I opened a thread on a football website to see how the audience felt about the show and it proved extremely useful, however it cannot be regarded as entirely accurate as the users of the site might not be entirely representative of The Premiership’s audience. Nonetheless their opinions are still valid, particularly in establishing why the presenters of the show weren’t particularly popular in comparison with those on Match of the Day. The BBC used presenters with which the audience can identify. Excluding Des Lynam ITV has failed to match the presenters with the audience. The audience has problems relating to Ron Atkinson, Allie McCoist and Andy Townsend, all of whom have been branded “footballing rejects” by posters on the thread. The BBC had established players who had been highly talented in their playing career presenting the show. Alan Hansen and Mark Lawrensen had been part of the famous Liverpool side of the 1980s, while Gary Lineker and Trevor Brooking are England legends. Ally McCoist spent his career in Scottish football, which football fans and the audience consider mediocre in comparison with the English game. The audience feels that because he wasn’t as experienced in his football career as his BBC counterparts, he has less authority when analysing football. At this level you need to become a figure of authority on the subject of football, otherwise how can the viewers ever trust what you’re saying if they don’t trust your integrity.
Another one of ITV’s biggest mistakes arguably was to use Des Lynam, a former presenter of Match Of The Day to present The Premiership. It reflects unfavourably on ITV’s lack of imagination in having to hire the former main presenter from its competitor. Initially viewers accused ITV of plagiarism, but with time they have come to accept it and Des Lynam is slowly redeveloping his relationship with the audience. He is a popular figure and has a gentle quality about him, which is reassuring to the audience and this helps to appeal to viewers who are uncertain of what to make of the show. His inclusion in the show was instrumental in the original scheduling of the show at 7:00 and although not his natural role he could be seen as someone ideal for that role. Perhaps that explains why Gabby Logan isn’t on The Premiership. The historical and present social climate is such that men feel threatened by a female who knows more about football than they do. Although there have been developments made in recent years in women’s football, such as Gabby Logan pioneering in the sphere of presenters on TV, football is still a male dominated area of culture where sexism still exists and throwing a female presenter straight into the deep end on a show that already has enough obstacles in its way would just be jeopardising the success of the show further. She has proven herself at a journalism level with On The Ball and a Monday night football chat show, but The Premiership is a novel and uncharted sub-genre for ITV. Instead, Lynam is a compromise between the two audiences as he doesn’t jeopardize the success of the show in terms of the viewing male audience; a very shrewd move on ITV’s part.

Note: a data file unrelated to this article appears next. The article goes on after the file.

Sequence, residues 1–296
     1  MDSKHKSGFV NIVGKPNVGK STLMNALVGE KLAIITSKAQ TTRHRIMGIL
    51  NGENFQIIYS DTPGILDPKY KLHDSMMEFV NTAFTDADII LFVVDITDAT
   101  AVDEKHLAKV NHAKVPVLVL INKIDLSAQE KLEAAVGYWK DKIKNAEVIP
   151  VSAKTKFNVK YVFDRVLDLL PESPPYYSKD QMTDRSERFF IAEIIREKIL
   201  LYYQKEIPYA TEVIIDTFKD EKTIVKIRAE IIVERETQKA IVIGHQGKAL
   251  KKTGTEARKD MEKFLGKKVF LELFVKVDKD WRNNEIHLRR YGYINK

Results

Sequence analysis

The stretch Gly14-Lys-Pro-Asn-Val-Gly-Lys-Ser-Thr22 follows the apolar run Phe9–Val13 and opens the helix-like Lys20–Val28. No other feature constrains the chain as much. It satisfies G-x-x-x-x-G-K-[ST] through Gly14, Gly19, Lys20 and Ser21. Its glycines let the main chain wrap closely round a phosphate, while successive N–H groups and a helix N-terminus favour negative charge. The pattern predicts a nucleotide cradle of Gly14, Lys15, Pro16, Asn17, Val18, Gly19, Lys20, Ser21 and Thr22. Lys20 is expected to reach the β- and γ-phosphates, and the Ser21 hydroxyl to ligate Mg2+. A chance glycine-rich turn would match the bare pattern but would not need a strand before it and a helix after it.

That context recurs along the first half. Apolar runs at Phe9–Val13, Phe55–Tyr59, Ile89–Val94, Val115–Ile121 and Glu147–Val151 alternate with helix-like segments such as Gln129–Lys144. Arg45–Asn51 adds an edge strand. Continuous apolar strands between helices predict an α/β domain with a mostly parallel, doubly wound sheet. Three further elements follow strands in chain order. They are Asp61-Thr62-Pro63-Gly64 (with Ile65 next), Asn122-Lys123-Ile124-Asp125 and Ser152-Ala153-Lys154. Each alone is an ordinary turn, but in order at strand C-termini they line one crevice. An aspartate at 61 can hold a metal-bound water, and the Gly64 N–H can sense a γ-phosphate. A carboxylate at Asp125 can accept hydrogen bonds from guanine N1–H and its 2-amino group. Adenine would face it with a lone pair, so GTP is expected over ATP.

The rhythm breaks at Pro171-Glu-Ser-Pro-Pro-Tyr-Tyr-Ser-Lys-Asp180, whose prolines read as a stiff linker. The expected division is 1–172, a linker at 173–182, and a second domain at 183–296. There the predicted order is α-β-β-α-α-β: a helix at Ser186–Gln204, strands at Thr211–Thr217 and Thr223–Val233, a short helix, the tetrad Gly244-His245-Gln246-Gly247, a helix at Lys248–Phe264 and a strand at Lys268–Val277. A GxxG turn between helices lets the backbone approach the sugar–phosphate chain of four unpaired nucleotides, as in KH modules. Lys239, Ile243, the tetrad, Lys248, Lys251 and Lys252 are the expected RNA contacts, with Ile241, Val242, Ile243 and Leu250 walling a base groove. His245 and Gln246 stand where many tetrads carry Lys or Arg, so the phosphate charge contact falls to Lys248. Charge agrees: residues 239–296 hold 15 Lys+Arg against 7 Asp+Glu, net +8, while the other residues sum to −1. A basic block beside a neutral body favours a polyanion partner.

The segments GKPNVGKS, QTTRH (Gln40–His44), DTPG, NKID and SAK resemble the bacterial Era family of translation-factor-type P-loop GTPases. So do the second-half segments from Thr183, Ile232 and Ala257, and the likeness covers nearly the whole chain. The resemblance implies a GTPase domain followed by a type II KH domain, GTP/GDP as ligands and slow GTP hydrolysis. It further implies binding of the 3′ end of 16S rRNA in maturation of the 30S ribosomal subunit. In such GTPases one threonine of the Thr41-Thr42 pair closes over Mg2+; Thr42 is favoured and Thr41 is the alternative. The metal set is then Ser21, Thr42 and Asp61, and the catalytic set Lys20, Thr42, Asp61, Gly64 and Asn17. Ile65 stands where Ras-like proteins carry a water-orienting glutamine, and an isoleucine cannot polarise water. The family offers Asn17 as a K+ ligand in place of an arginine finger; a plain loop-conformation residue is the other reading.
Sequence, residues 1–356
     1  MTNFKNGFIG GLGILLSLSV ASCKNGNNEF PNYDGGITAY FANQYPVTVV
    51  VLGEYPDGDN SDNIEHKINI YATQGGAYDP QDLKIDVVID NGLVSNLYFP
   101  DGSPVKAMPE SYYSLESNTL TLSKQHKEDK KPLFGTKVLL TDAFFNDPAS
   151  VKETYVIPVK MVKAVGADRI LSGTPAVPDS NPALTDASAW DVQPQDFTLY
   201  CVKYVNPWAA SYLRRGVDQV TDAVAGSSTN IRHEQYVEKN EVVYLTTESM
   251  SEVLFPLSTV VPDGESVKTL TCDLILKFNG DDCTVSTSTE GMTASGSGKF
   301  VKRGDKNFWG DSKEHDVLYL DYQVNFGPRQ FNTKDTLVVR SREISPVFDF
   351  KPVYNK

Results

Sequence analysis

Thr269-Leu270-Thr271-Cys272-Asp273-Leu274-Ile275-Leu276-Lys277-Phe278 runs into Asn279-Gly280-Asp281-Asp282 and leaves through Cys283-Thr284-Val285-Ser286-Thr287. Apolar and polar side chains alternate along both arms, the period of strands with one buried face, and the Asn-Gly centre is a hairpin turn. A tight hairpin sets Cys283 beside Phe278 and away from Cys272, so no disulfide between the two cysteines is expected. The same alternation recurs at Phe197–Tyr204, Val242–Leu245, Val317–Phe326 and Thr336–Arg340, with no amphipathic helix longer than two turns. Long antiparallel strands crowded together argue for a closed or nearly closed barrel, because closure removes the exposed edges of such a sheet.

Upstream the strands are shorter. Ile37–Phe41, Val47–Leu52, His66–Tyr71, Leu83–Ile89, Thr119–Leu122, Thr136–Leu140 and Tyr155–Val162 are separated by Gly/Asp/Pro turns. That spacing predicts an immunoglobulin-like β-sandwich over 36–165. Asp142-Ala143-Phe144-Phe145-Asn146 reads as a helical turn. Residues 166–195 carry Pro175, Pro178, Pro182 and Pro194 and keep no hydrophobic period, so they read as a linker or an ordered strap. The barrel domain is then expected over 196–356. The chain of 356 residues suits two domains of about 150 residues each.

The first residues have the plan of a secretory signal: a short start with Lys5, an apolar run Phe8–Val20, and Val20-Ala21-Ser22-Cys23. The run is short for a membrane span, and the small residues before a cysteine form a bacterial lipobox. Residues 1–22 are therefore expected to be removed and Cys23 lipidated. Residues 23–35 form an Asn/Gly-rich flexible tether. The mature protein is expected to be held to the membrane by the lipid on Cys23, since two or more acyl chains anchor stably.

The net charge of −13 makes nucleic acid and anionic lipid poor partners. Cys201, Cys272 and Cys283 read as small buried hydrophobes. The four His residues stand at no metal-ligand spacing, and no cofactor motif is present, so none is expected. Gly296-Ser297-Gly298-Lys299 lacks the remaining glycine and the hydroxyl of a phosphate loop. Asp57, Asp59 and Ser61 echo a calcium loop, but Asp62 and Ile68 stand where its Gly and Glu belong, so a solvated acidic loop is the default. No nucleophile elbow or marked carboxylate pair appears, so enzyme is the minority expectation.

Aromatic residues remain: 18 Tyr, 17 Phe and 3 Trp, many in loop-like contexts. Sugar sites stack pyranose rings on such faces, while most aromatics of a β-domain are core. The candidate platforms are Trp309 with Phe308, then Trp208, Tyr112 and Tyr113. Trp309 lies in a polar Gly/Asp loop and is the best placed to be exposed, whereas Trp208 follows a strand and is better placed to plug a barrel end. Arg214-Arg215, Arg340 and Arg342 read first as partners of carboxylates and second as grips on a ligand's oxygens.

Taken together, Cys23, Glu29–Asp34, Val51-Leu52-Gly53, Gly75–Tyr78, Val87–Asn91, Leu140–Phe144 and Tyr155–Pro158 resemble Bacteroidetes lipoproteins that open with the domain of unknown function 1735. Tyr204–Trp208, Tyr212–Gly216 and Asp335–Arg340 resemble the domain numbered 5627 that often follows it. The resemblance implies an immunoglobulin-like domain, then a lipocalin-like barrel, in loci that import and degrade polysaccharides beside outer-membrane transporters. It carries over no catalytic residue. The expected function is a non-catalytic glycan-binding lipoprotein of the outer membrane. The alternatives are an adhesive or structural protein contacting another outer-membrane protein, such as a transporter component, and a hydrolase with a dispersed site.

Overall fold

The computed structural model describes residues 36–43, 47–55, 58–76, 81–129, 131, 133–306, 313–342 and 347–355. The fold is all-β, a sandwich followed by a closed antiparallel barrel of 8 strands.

ITV’s marketing tactics were designed to win their show lots of support. They have created masses of hype surrounding their show and have tried to create an image for themselves, which connotates an air of superiority. Their advertising campaign consisted of a large screen on the side of a building in a town and when they come on everything stops. They have tried to portray themselves as superior to BBC in creating an advertising campaign. Match Of The Day’s advert lacked the grandeur of The Premiership’s, mainly because they didn’t have a competitor that they were constantly getting compared to and they could base their show on its popularity and longstanding history. It was vital for the show’s survival for The Premiership make them appear bigger than Match of the Day. ITV put great emphasis on the fact that they had managed to achieve highlights show scheduled at 7:00, something that Match Of The Day had attempted to get in the past, but had failed.